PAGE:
Sunday 3 January 2021

🍴Sunday Brunch with Jaffareadstoo ~ Cryssa Bazos

On this quiet Sunday morning why don't you put the kettle on, make your favourite breakfast and settle down for Sunday Brunch with Jaffareadstoo

🍴I'm delighted to welcome, author, Cryssa Bazos to our Sunday Brunch today🍴

🍴Good morning Cryssa, What favourite food are you bringing to Sunday brunch? 

Thank you for inviting me! As this is a special brunch, it would not be complete without a dish of Eggs Benedict. I’ve brought my favourite version with smoked salmon and spinach, but we’ll have to tuck into it fairly soon. 

🍴Would you like a pot of English breakfast tea, a strong Americano, or a glass of Bucks Fizz? 

I was going to say a pot of English breakfast tea, but since you’re offering Bucks Fizz, how can I refuse? Many here in Canada call it Morning Glory. 

🍴Where shall we eat brunch – around the kitchen table, in the formal dining room, or outside on the patio?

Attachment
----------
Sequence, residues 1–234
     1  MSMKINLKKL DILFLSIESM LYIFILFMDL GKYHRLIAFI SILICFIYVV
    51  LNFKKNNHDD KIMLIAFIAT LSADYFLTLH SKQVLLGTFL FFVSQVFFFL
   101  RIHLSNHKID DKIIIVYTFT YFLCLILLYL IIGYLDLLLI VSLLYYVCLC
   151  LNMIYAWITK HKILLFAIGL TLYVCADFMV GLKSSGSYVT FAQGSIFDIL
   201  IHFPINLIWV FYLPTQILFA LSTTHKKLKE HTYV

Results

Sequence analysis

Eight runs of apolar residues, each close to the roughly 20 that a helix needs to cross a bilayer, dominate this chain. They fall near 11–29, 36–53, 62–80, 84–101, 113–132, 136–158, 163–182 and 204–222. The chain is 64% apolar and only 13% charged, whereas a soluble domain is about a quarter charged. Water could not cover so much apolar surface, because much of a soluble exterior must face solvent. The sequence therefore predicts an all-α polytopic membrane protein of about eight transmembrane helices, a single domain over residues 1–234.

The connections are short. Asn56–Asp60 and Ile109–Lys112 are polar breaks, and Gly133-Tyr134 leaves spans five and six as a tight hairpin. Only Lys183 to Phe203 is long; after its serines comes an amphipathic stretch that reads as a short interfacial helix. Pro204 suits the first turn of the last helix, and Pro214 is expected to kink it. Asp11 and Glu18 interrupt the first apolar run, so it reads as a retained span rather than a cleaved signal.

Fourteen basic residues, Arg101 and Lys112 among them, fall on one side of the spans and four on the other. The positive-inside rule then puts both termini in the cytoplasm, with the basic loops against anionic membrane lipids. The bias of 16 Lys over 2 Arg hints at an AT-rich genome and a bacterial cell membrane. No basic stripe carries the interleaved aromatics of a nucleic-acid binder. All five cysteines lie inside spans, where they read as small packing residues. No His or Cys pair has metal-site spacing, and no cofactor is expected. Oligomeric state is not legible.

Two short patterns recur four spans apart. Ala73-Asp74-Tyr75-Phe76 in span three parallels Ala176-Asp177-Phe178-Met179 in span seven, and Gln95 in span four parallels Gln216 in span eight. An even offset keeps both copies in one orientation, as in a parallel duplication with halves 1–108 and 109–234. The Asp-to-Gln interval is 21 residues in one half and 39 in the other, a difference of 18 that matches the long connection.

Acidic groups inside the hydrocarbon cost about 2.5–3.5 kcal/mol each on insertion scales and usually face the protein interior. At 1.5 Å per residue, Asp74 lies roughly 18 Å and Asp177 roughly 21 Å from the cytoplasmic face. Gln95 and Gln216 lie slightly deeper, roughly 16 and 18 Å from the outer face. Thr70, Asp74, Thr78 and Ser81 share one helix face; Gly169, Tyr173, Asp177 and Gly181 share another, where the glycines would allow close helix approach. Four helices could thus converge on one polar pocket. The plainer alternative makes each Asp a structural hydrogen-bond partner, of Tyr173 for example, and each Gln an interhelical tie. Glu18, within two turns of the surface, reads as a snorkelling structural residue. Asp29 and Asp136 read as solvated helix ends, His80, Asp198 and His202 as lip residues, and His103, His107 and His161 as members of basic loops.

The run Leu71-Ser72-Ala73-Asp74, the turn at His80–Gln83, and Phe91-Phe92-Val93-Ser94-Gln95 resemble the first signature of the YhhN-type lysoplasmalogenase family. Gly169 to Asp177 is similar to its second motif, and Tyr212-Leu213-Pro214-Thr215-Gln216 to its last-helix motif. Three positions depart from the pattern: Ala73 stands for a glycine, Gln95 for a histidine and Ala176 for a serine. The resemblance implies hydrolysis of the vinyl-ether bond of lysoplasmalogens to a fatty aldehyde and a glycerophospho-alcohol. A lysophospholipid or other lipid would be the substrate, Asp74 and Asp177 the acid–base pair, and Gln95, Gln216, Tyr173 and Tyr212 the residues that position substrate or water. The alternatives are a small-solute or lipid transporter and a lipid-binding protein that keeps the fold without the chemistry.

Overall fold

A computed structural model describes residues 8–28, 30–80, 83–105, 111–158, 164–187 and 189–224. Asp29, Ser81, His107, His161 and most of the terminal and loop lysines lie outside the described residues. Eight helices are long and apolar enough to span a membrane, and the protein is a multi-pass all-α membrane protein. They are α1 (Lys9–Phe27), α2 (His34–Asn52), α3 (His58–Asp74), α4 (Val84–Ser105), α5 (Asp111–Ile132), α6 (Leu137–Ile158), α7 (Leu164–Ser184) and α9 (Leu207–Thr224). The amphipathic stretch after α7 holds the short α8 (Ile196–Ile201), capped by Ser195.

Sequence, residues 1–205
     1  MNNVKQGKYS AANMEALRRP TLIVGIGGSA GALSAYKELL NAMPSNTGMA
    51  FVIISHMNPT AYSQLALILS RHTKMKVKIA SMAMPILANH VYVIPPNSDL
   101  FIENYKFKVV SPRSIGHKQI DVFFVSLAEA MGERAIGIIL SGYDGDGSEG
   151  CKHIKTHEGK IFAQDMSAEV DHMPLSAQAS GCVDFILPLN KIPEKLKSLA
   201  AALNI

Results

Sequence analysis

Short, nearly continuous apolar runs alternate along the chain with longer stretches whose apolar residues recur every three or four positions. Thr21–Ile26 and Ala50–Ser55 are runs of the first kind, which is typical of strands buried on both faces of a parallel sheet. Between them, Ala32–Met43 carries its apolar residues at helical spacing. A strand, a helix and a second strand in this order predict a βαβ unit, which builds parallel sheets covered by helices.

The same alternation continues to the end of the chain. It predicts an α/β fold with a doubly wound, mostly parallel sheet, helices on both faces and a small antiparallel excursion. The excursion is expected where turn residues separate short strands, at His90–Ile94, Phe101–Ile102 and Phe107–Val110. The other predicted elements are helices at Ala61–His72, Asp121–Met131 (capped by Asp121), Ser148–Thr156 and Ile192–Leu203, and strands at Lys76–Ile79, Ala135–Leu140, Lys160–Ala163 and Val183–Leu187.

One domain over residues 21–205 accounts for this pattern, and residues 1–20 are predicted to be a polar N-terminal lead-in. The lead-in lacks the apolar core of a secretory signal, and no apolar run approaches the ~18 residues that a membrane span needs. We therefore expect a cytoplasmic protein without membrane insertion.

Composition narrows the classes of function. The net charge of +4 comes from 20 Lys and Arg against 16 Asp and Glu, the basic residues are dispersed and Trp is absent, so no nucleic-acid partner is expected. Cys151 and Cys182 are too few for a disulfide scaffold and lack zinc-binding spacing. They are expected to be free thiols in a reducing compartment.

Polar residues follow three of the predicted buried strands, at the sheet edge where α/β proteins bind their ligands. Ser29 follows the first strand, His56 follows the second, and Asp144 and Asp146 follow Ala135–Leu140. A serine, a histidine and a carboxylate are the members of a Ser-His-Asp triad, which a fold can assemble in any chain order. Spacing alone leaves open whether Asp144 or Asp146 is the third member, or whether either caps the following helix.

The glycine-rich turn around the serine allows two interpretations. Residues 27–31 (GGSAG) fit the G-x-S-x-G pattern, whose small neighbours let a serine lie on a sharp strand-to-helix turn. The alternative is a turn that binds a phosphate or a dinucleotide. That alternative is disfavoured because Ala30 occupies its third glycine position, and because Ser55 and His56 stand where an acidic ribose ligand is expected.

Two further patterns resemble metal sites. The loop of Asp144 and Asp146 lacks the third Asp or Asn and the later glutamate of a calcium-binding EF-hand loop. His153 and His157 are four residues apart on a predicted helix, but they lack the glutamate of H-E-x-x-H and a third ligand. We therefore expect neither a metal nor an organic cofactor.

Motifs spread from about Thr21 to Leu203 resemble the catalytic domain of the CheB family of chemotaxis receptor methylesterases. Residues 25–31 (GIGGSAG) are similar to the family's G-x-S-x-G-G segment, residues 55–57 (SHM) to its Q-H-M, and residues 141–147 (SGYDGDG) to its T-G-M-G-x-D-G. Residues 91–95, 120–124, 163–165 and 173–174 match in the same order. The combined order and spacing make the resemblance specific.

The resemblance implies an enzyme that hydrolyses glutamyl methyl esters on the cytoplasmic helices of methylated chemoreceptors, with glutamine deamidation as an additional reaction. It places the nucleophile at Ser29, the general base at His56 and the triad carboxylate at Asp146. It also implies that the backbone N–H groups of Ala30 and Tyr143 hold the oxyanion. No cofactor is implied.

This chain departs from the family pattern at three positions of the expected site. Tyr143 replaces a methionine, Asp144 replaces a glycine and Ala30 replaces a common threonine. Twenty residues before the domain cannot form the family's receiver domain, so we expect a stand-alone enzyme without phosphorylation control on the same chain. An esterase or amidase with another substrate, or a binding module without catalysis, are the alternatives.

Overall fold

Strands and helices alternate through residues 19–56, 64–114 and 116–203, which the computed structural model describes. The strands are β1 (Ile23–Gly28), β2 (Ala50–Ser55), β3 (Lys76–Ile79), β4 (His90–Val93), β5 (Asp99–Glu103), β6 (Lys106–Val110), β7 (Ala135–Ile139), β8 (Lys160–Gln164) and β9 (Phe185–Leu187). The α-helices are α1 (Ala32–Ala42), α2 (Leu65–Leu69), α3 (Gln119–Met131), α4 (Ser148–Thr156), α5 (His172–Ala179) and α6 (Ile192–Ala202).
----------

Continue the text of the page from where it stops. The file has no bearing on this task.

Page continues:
I do favour outside dining whenever the weather is good. I love gardening, and I can’t help exploring other people’s gardens. I hope you don’t mind if I snoop around a bit? 

🍴Shall we have music playing in the background? And if so will you share with us a favourite song or piece of music that makes you happy? 

I am a big fan of Loreena McKennitt. All her music is atmospheric and stirring. She’s my go-to for when I’m writing, but her song The Highwayman (the Albert Noyes poem to song) was on an endless loop while I was writing my first novel, Traitor’s Knot. The main character, a highwayman, also made his appearance in “Honour of Thieves”, my story in the anthology Betrayal. 

🍴Which of your literary heroes (dead or alive) are joining us for Sunday Brunch today? 

I’ve brought my all-time favourite authors who feed my love of adventure, suspense and wonder. Allow me to introduce Alexandre Dumas, Daphne du Maurier, Mary Stewart, J.R.R Tolkien and Lucy Maud Montgomery. The Three Musketeers was the first historical fiction novel I ever read and introduced me to the 17th century. Daphne du Maurier is a master of characterization and building suspense. The King’s General is one of my absolute favs especially as it takes place during the English Civil War. I grew up with Anne of Green Gables and the heroine lives in a special corner of my heart. Mary Stewart is best known for her romantic suspense but I love her Merlin trilogy the most. 

🍴Which favourite book will you bring to Sunday Brunch?